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Researchers focus on education as nation marks Black HIV/AIDS Awareness Day

AHF Hosts "Keep the Promise Concert & March" in Ft. Lauderdale for National Black HIV/AIDS Awareness Day
Jesus Aranguren
Invision for AIDS Healthcare Foundation
In recognition of National Black HIV/AIDS Awareness Day, hundreds of local residents come out in support of HIV/AIDS awareness for the Keep the Promise Concert & March presented by AIDS Healthcare Foundation on Tuesday, February 7, 2017, in Ft Lauderdale.

A new project will explore how HIV prevention and treatment can better meet the needs of Black women in Orange County.

As the nation marks Black HIV/AIDS Awareness Day on Tuesday, public health experts in Central Florida are focused on education.

A new project will explore how HIV prevention and treatment can better meet the needs of Black women in Orange County.

Nationally, African Americans account for 42% of new HIV infections even though they make up 13% of the population. In Orange, Brevard, Osceola and Seminole counties, the rate of diagnoses of new cases is nearly six times higher for Black men than it is for white men.

Matthew Peddie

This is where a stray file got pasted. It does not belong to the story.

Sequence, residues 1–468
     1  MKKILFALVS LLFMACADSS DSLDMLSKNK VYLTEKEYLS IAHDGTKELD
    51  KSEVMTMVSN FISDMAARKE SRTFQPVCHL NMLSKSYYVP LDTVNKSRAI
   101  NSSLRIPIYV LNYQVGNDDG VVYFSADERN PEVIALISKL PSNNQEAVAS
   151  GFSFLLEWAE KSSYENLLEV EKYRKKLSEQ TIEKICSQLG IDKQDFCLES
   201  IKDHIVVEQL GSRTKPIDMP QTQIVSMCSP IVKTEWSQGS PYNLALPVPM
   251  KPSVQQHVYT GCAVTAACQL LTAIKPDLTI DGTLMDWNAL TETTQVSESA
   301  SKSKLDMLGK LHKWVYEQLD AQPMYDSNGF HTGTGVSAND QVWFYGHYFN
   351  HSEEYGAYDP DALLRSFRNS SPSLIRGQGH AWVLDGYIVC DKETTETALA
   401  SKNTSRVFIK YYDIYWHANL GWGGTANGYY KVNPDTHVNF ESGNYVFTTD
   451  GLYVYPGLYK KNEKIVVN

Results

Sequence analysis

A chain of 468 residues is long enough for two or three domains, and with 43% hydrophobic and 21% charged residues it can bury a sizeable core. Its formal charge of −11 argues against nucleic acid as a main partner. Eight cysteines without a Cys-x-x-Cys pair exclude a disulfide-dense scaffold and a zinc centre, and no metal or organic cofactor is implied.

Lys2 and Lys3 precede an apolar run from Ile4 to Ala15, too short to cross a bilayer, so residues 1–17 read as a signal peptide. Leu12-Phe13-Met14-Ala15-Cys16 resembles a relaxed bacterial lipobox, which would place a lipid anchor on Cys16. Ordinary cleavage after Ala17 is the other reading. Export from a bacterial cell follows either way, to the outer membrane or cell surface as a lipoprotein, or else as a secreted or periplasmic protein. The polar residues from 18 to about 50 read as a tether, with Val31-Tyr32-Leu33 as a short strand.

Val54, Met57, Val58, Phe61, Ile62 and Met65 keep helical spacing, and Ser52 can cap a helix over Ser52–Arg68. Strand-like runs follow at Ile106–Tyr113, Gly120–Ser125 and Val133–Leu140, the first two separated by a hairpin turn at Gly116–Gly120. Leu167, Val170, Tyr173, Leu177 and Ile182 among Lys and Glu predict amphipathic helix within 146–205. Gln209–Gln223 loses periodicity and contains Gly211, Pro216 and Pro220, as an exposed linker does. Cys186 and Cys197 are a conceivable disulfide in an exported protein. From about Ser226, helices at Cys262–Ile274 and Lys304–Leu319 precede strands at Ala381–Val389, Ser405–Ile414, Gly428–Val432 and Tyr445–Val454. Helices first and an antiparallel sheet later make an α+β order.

The Florida Department of Health in Orange County held a free testing event this past weekend, and is offering free self-test kits to residents.

“So, of course, stigma is always a challenge,” said Kara Johnson-Williams, who manages the area’s HIV program office.

She said part of the goal of education people is to let them know that they can live with HIV.

“It is a chronic illness, the most important thing is to ... know your status. Once you know your status, if you are positive, you can be linked into care.”

Johnson-Williams said last year her office sent out more than 700 at-home test kits. This year, she looks to send out 1,000 kits.

Florida Department of Health figures show that for Seminole, Orange, Osceola and Brevard counties, the rate of new HIV infections in Black women was seven times higher than for their white counterparts.

Because of historical racial and gender discrimination, “Black women end up experiencing this kind of double whammy that makes their health care experiences a little bit more difficult," said Shan-Estelle Brown, assistant professor of anthropology at Rollins College. "For example, their pain isn’t necessarily recognized and acknowledged and addressed as quickly as it might be if someone else came and described the same symptoms.”

Brown is working on a new project to explore how HIV prevention and treatment can better meet the needs of Black women in Orange County.

Brown received a two-year fellowship from the Robert Wood Johnson foundation. She’s teaming up with the nonprofit Let’s BeeHive and University of Central Florida researcher J. Richelle Joe to better understand how Black women experience HIV care.

Because Black women are so important in their communities, Brown said when they get sick it has a ripple effect on everyone.

“But our hope is that we’ll find information that we’ll get at trying to improve not only the health outcomes, but also the health care experiences of black women locally.” 

Brown said the team will work with health providers and community contacts to recruit women for the study. They’ll start interviewing and gathering data in May.

Copyright 2022 WMFE

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